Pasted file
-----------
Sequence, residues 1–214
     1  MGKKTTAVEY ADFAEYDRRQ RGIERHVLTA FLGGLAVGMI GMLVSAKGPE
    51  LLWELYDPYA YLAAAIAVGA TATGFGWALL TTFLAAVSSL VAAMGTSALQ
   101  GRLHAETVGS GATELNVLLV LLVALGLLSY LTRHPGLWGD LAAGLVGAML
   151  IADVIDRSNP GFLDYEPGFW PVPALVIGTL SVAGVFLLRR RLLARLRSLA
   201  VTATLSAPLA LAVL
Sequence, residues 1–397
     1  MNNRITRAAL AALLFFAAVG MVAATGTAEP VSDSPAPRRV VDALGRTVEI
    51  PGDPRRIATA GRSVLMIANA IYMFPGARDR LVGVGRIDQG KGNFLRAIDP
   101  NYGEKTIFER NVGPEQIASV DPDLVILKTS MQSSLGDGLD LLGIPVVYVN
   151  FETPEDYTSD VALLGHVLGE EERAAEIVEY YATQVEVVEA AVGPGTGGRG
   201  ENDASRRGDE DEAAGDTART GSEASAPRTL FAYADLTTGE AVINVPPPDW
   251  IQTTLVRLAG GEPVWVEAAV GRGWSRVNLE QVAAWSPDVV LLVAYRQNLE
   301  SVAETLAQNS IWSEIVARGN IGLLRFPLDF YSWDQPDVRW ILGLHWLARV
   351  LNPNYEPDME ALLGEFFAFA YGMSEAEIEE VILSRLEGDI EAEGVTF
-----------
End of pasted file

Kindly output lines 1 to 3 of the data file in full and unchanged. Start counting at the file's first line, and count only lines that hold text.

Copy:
Sequence, residues 1–214
     1  MGKKTTAVEY ADFAEYDRRQ RGIERHVLTA FLGGLAVGMI GMLVSAKGPE
    51  LLWELYDPYA YLAAAIAVGA TATGFGWALL TTFLAAVSSL VAAMGTSALQ